If the 38 high schools playing girls golf during the WIAA's alternate fall season this spring were to be seeded, Middleton and Bay Port would no doubt make strong arguments for the No. 1 seeds in their respective areas of the state.
It was purely coincidental, but assignments for the modified state tournament series released Wednesday give both schools a clear path to square off May 17 and 18 at the WIAA state tournament on the Meadow Valleys Course at Blackwolf Run in Kohler.
Middleton, the 2019 WIAA Division 1 state champion, and Bay Port each will play host to a sectional, according to the assignments posted to the WIAA website. Bay Port will top a 19-team sectional that features 12 schools from the Fox Valley, three schools from the Madison area, two schools from Eau Claire and one from the La Crosse area. Middleton's sectional features 19 schools from the Badger, Big Eight and Rock Valley conferences.
The WIAA awarded sectional hosting opportunities to the top seeds in many of its winter sports tournaments due to COVID-19 protocols.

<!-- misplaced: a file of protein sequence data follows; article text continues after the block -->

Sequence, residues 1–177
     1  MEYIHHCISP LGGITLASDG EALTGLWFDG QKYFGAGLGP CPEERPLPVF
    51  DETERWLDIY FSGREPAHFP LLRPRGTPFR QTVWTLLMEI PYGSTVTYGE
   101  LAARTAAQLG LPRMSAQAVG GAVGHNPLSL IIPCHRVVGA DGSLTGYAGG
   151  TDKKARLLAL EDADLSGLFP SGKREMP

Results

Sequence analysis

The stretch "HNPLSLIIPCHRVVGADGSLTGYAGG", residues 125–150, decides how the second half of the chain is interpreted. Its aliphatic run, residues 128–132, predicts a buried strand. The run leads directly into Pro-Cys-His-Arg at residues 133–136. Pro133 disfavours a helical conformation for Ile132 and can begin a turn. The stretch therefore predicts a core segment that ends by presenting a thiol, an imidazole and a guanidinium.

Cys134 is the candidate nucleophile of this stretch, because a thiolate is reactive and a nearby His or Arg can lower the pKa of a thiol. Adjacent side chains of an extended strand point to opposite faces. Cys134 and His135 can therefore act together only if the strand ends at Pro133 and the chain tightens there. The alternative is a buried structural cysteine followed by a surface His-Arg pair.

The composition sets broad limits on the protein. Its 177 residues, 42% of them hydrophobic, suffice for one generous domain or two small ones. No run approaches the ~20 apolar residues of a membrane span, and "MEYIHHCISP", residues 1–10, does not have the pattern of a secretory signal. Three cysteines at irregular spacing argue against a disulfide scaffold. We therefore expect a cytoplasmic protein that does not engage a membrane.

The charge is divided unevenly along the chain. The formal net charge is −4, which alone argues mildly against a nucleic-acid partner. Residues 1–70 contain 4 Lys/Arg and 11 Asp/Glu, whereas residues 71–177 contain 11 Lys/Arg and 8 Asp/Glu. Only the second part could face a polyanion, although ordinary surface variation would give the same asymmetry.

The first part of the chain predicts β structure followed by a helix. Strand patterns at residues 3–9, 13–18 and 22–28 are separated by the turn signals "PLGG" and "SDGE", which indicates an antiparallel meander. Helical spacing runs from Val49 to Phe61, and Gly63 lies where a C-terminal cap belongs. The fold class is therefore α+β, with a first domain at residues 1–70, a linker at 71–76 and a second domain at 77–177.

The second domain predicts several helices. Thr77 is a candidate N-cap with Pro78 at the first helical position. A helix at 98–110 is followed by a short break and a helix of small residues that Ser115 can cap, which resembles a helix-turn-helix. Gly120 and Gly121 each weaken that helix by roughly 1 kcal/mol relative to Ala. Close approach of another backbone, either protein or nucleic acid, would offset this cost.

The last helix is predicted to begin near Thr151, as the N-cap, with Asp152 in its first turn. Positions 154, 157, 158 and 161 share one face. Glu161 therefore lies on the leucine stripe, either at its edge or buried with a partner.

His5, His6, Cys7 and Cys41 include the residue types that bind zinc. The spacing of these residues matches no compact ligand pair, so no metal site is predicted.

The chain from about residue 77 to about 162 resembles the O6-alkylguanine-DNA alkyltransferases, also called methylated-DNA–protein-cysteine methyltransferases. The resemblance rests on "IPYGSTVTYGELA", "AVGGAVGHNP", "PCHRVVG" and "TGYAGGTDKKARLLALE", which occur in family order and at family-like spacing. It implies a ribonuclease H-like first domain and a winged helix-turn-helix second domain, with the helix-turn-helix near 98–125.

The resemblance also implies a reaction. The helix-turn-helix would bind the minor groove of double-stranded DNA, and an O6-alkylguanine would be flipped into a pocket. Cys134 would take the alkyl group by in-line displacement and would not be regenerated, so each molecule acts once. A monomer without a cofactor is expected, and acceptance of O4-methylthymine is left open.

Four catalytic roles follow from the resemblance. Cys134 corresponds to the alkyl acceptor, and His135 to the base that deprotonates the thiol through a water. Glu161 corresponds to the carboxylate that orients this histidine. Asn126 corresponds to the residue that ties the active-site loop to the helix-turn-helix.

"They both just happened to be the first teams to ask to host," WIAA assistant director Tom Shafranski told Wisconsin.Golf. "Since we had no hosts arranged, we granted them this opportunity."
Regional sites have not been finalized, Shafranski said. He said one regional in the Bay Port sectional will likely be awarded to Sheboygan North/South and one in the Middleton sectional will probably be awarded to Janesville Craig.
As expected, the state tournament qualifying format for the alternate season will reflect the one used last fall when more than 75 percent of the WIAA's girls golf schools played in the traditional season. The top four teams from each regional and the top three individuals not on those teams will advance to the two sectionals with the top two teams and top three individuals at that level earning the opportunity to compete at the state tournament in Kohler.
Regular-season play for the alternate season began last Thursday and has been aided by unseasonably warm weather this spring. Shafranski said that he has seen "leaf growth and grass growth" in the Stevens Point area, a good sign that — with the traditional boys season to follow the alternate girls season — the WIAA will get the cooperation it needs from the weather to pull off the unprecedented back-to-back golf seasons caused by the COVID-19 pandemic.
"As long as we maintain good weather and good driving, everything looks positive to have a good girls golf season this early in the spring," he said.